Understanding Iraq's resistance

With increased bombing of soft targets and daily killings of US troops, the Bush administration characterizes the Iraqi armed resistance as a terrorist phenomenon. Although this has emerged as a major obstacle to reconstruction in Iraq, the reality is too much more complex and dangerous to simply broad-brush it all as "terrorism."

Armed resistance in Iraq represents a broad spectrum of political and ideological forces that need to be understood individually before they swell, coalesce, and become a major threat. The perception in Washington that attacks against US forces and other targets are conducted mainly by hardened elements of the old Saddam Hussein regime - along with Ansar al-Islam, a small fundamentalist Kurdish group with no proven ties to Hussein - is dangerously myopic.

Though elements of the Hussein regime predominate, other important groups - whose interests converge with those of the old regime - play vital roles. Secular Baathists, indigenous Iraqi fundamentalists, Arab Islamists, and dissatisfied Iraqis all resist the US occupation.

Sunni Salafits, indigenous Iraqi Islamic fundamentalists who have received little public attention, appear to be heading the fight, along with secular Sunni Baathists. Even though they haven't articulated any ideological blueprint to accompany their jihadislogans, they're religiously motivated and determined to establish an Islamic state.

Various Arab press reports estimate the Salafit resistance numbers to be in the hundreds, but their ranks are likely to swell with new recruits if their tactics become even more organized and effective. The escalation of violence in the past two weeks alone suggests that the resistance has become bolder and deadlier. It is only a matter of time before Sunni Salafits (who represent a small segment of the Iraqi population) link with their more-sophisticated Arab counterparts, who are more militant and global in orientation. Hundreds of these jihadi fighters from various Arab countries entered Iraq immediately before and during the US-led war, and others are still slipping into the country through Iraq's porous borders. Although some, if not most, of these fighters sympathize with Al Qaeda, they cannot all be lumped together as President Bush has done, calling them "Al Qaeda-type fighters."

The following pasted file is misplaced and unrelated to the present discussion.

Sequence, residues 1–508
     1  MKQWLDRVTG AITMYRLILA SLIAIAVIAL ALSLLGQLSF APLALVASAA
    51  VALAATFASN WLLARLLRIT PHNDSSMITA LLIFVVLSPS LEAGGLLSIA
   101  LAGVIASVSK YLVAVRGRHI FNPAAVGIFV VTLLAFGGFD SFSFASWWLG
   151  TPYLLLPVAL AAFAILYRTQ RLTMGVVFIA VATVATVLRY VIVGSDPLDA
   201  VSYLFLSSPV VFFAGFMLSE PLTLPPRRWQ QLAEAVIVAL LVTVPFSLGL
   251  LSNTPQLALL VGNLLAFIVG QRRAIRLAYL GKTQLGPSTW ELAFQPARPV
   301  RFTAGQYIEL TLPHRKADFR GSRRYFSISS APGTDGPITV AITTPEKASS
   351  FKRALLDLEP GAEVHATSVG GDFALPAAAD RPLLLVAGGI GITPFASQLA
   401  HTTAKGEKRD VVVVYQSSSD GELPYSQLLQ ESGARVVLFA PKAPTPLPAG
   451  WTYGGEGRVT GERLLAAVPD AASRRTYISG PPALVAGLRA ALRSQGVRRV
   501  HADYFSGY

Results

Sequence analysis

Islamist websites and Internet chat rooms suggest that Iraq has emerged as a powerful recruiting tool for Islamist militancy. Before the war, I and others who study the region warned that Iraq could become a symbol of Islamist resistance similar to that of Afghanistan during the Soviet incursion in the 1980s. Our predictions, unfortunately, seem to be on target.

Islamists - those fighters who have been waging global jihad since the 1980s to establish Islamic-ruled states - tend to be highly disciplined and socialized into a culture of martyrdom. Some of the armed tactics used in Iraq - suicide and car bombings - are vintage jihadi tactics tested in southern Lebanon, Algeria, Saudi Arabia, Egypt, and Pakistan.

Iraq appears to be replacing Afghanistan and Bosnia as a magnet for jihadirecruits from various Arab countries to confront the forces of "unbelief." These Islamists share a specific goal: the expulsion of US forces from Iraq, even at the cost of creating chaos.